It is well known that the trigger for the First World War was the assassination of Archduke Franz Ferdinand. But the assassination itself was quite a chanceful event. Serbian nationalists wanted to break away from
and form part of a Greater Serbia. To achieve this they decided to assassinate
leading Austro-Hungarian figures. The assassination of Franz Ferdinand was set
to take place on 28th June. Six assassins were positioned along the
route of Ferdinand’s motorcade. As the cars passed, the first two assassins did
nothing, presumably they lost their nerve. The third assassin, Nedeljko
Cabrinovic, did throw a bomb but it missed, and instead blew up the next car in
the motorcade. Twenty people were wounded. The crowd panicked, Cabrinovic
quickly swallowed his suicide pill and jumped into the River Miljacka, but the
river was only a few inches deep and the pill only succeeded in making him
vomit. He was dragged out beaten to pulp, before being handed over to the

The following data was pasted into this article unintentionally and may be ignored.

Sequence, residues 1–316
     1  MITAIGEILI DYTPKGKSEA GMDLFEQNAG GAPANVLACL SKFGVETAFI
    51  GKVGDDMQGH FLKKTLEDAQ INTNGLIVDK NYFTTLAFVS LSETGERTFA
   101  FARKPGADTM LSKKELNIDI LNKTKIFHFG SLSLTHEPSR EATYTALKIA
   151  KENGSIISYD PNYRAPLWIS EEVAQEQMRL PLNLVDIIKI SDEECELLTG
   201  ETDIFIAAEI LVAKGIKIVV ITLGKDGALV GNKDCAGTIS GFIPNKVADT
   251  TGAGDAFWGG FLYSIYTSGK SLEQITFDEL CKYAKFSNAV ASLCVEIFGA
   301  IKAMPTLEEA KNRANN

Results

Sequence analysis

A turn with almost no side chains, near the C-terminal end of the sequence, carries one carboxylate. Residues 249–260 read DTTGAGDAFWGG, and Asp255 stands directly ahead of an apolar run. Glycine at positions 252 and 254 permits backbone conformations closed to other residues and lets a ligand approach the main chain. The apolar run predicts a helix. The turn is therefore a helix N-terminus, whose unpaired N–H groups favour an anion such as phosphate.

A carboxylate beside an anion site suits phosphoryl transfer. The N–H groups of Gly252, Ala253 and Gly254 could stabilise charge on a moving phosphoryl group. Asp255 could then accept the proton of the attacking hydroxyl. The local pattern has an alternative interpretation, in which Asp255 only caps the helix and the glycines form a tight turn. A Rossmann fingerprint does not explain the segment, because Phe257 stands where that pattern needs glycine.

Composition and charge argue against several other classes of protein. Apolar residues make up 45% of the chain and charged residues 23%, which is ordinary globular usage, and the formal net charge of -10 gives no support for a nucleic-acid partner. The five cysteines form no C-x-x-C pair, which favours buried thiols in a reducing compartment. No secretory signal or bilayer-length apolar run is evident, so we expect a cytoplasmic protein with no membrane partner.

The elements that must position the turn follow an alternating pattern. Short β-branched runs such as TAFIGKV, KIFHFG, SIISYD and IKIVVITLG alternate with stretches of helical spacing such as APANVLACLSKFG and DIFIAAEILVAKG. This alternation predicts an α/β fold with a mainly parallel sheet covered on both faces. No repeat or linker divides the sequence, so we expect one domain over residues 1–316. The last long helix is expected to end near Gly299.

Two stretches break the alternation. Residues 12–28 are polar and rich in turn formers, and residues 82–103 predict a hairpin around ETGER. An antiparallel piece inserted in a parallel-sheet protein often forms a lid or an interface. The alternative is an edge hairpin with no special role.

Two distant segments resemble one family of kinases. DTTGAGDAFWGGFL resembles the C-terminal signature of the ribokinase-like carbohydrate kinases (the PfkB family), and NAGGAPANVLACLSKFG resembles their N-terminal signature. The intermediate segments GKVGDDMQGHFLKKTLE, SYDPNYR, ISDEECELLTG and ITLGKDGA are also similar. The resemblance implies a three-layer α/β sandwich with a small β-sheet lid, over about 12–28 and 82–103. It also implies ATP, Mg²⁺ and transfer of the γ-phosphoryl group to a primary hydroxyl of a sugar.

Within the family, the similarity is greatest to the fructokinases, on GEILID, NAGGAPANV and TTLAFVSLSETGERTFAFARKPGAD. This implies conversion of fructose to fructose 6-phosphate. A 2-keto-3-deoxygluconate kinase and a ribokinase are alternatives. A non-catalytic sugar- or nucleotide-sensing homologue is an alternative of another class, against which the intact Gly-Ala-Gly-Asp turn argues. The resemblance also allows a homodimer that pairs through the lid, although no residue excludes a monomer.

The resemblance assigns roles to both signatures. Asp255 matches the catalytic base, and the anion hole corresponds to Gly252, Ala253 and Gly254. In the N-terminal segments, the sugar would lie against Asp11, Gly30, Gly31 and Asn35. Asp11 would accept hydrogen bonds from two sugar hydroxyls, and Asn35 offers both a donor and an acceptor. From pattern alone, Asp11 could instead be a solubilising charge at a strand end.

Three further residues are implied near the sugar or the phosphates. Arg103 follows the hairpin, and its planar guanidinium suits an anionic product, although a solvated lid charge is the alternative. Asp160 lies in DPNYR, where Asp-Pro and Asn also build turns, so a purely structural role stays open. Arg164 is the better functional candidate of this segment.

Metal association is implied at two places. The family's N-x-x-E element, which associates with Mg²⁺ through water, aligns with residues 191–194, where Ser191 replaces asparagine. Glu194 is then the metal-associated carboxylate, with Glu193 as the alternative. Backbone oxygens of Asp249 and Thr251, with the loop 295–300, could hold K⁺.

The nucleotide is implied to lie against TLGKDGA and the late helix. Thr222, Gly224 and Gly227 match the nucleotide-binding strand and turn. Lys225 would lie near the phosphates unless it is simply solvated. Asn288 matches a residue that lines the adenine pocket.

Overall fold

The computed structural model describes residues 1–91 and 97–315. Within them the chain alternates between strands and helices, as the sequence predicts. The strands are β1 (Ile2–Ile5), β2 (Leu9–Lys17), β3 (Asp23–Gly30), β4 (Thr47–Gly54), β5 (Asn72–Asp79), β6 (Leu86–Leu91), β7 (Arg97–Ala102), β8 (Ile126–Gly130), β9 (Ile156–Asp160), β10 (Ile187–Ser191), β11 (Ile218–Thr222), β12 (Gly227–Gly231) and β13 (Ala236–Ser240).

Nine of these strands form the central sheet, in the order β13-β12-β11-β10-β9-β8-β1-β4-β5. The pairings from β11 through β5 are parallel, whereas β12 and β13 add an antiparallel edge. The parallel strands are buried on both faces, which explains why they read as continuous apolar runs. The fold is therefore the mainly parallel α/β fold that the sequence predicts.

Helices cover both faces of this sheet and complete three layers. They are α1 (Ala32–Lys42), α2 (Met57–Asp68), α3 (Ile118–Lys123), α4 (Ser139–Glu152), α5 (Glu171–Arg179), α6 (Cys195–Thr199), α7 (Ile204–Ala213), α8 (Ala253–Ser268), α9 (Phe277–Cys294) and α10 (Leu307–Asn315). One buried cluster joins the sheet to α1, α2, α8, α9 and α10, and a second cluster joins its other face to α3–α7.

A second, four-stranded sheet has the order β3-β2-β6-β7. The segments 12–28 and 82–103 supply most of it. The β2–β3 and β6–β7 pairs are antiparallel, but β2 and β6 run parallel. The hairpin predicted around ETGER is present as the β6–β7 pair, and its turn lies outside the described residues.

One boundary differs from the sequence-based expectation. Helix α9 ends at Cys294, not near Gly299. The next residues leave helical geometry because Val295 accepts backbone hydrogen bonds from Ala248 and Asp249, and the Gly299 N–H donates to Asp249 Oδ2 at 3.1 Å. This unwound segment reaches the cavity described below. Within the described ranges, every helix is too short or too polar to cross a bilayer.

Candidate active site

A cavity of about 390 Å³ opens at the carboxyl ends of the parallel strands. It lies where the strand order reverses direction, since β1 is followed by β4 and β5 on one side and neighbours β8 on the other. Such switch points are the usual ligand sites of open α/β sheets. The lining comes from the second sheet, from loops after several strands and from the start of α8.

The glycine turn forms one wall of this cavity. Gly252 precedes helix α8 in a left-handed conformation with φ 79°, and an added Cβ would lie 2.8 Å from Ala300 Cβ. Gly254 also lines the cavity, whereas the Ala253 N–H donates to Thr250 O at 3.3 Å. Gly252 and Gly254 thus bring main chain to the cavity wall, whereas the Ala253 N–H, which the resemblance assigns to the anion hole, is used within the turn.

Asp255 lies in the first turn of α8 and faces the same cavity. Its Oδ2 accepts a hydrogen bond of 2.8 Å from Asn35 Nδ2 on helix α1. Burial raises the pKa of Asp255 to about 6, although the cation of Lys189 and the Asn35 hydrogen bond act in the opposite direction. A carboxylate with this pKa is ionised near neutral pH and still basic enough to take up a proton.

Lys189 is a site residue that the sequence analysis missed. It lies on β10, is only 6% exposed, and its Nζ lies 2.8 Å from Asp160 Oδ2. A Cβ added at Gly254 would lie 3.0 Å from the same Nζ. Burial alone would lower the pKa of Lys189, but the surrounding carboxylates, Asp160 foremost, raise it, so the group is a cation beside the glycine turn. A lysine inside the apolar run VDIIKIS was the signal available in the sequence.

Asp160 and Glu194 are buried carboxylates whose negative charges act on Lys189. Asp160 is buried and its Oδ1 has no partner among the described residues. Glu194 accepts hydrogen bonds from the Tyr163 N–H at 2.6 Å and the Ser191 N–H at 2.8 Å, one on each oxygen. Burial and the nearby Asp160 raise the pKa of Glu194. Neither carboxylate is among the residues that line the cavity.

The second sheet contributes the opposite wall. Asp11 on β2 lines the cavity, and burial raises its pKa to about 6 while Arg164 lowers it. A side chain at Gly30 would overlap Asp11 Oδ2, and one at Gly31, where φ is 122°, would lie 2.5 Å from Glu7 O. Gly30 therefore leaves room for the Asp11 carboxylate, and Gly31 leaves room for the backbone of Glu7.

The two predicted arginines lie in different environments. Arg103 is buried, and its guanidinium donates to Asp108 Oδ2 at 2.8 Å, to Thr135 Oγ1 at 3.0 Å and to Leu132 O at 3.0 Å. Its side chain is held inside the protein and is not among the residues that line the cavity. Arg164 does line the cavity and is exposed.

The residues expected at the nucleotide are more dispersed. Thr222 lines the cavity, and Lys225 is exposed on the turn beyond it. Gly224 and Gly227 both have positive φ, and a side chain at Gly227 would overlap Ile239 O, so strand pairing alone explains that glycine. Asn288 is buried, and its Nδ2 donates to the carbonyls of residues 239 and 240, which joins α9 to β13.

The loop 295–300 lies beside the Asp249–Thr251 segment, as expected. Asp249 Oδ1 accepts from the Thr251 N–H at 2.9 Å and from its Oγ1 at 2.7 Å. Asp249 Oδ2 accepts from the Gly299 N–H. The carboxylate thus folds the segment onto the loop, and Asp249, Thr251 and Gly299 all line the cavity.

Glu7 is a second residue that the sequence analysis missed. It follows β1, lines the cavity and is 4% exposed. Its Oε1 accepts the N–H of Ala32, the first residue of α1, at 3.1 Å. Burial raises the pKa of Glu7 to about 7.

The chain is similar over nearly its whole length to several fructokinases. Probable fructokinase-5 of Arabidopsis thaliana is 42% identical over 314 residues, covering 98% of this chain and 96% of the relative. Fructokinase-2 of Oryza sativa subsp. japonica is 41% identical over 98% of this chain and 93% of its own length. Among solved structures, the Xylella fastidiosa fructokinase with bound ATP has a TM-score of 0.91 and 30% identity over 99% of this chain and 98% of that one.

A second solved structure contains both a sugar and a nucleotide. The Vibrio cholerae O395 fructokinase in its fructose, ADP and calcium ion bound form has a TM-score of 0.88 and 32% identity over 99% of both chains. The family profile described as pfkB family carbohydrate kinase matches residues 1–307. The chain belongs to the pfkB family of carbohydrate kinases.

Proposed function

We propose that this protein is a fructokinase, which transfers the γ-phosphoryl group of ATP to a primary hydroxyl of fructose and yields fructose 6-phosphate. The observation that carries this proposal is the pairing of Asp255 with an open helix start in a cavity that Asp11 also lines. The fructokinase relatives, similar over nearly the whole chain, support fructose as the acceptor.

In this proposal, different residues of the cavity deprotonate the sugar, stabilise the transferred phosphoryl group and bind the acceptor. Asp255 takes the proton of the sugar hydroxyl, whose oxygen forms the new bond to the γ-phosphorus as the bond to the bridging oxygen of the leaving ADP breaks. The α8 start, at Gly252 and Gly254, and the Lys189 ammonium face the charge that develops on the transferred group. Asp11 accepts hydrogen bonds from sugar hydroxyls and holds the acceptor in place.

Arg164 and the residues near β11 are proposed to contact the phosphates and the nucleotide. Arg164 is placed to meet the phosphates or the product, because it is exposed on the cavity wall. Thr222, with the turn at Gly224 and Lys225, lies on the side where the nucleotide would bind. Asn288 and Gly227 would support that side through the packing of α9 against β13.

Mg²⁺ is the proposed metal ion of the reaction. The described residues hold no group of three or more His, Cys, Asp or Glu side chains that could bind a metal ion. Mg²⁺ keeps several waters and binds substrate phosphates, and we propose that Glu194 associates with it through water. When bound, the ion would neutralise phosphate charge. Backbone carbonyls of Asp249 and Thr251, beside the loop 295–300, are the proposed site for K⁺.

police (he supposedly shouted “I am a Serbian Hero”). Austria-Hungary
Despite the attack the Archduke decided to continue with the visit. He attended a town hall reception, and then the motorcade proceeded for the hospital, to visit those wounded by the bomb. Enroute the cars took a wrong turn, and so Ferdinand’s driver reversed into an alley, to turn around. There, the car happened by chance to pull up alongside one of the terrorist’s. His name was Gavrilo Princip. Gavrilo was himself in the wrong place, having been given faulty directions. Spotting his opportunity, Gavrilo quickly fired his gun into the car, killing both Ferdinand and his wife Sophie.
The assassination triggered the outbreak of the First World War.